I’m not usually the biggest fan standard-issue chick lit featuring hapless, yet hopeful heroines working in “glamour” industries like fashion, PR, show business or advertising usually in New York City. The cover is usually some shade of pink and features one of the holy trinity of chick lit graphics—statement handbag, high-heeled shoe, or fancy cocktail.
Copygirl, authored by Anna Mitchael and Michelle Sassa, features a pink cover the shade of a rather attention grabbing shade of fuchsia. However, there was no handbag, shoe or cocktail to be found on Copygirl’s cover. Furthermore, Copygirl was described as a hybrid of The Devil Wears Prada and Mad Men. I actually liked The Devil Wears Prada, who hasn’t had a nightmare boss? And I just finished binge-watching Mad Men and related only too well to copywriter Peggy Olson, so I decided to give Copygirl a whirl.
Meet Copygirl’s protagonist Kay, after finishing college where she studies advertising, she follows her crush Ben to NYC where they both get jobs one of the city’s hottest agencies with the unfortunate of initials of STD. While in ad school, Kay thought she would write memorable copy like “Think Different” and “Just Do It.” She also thought she’d get romantic with Ben. Sadly, none of those dreams seem to be coming true for our heroine. Instead, Kay is dealing with the STD’s overlords who make Pol Pot look like Mr. Rogers and is writing hapless copy for accounts her much cooler hipster co-workers reject outright. As for Ben? Right now he’s sleeping on Kay’s couch, not her bed.
STD is riddled with egotistical tyrants, high fashion hotties, pretentious creatives and one Diet Coke-obsessed intern with the last name of Bouffa. Bouffa may not have the schooling or experience for this particular internship, but she does have something deemed more important—family connections.
Kay feels completely out of it at STD with her family connections from the Midwest, her wardrobe of sneakers, jeans and hoodies and her low-key, modest and easily intimidated personality. Will she ever measure up and find success? And will she find love with Ben or will she lose him to the office hot girl?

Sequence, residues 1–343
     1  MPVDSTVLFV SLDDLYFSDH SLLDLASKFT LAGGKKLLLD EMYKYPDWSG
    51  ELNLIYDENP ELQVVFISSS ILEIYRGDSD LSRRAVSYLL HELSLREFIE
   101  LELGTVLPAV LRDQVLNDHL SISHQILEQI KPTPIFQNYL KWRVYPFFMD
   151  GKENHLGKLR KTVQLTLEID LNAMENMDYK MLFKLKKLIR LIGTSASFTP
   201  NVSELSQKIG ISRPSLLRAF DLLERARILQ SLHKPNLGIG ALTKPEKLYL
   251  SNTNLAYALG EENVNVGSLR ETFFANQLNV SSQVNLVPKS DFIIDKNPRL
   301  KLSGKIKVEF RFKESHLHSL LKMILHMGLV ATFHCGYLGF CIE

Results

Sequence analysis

To appease her battered and bruised sense of self Kay makes wax dolls and films them in absurd situations. The main character of Kay’s magnum opus is a doll named Copygirl who warns everybody “Don’t be a copygirl.” Kay shares her videos with her best friend who is currently studying in France. This best friend starts uploading Kay’s videos for the world to see and they become a huge sensation, making Kay feeling both awkward and proud.
Meanwhile, Ben moves out and Kay is convinced he is having a fling with the office hottie. However, Kay finds this hottie is more than a pair of designer boots and a killer wardrobe, and though Bouffa may have family connections, she is also willing to work hard and is pretty nice kid. And then there is suit-wearing guy who might be more than what he seems.
Kay struggles daily with writing appropriate copy for the latest, hippest soda trying to grab the much-wanted Millennial market only to be treated with contempt by her fellow creative co-workers, clueless clients and tyrannical agency heads. Will she find the secret sauce to come up with the right lines that will be iconic as such classic ad copy she dreamed of writing? Or will she be fired with only her wax dolls to keep her company?
Ultimately, I liked Copygirl. It was a fun and breezy read, and I rooted for Kay throughout the book even though at times I wanted to shake her. Spending time in the copywriting trenches I could totally relate to her daily struggles, pretty much dealing with the same obnoxious behavior she dealt with even though I come from Milwaukee. And I also know how creative “me-time” activities Kay indulged in helped alleviate her stress and gain her both kudos and confidence.
But what I really liked about Copygirl was how it didn’t focus so much on romance, but on Kay’s growth in her career and how she forges strong bonds with her female co-workers rather than seeing them as competition both professionally and personally.
In the end Copygirl is a fun read, both fluffy and profound, and I think most working girls will be able to relate to Kay’s plight even if your Devil wears H & M, and your place of work is a mixture of both Mad Men and Mad Women.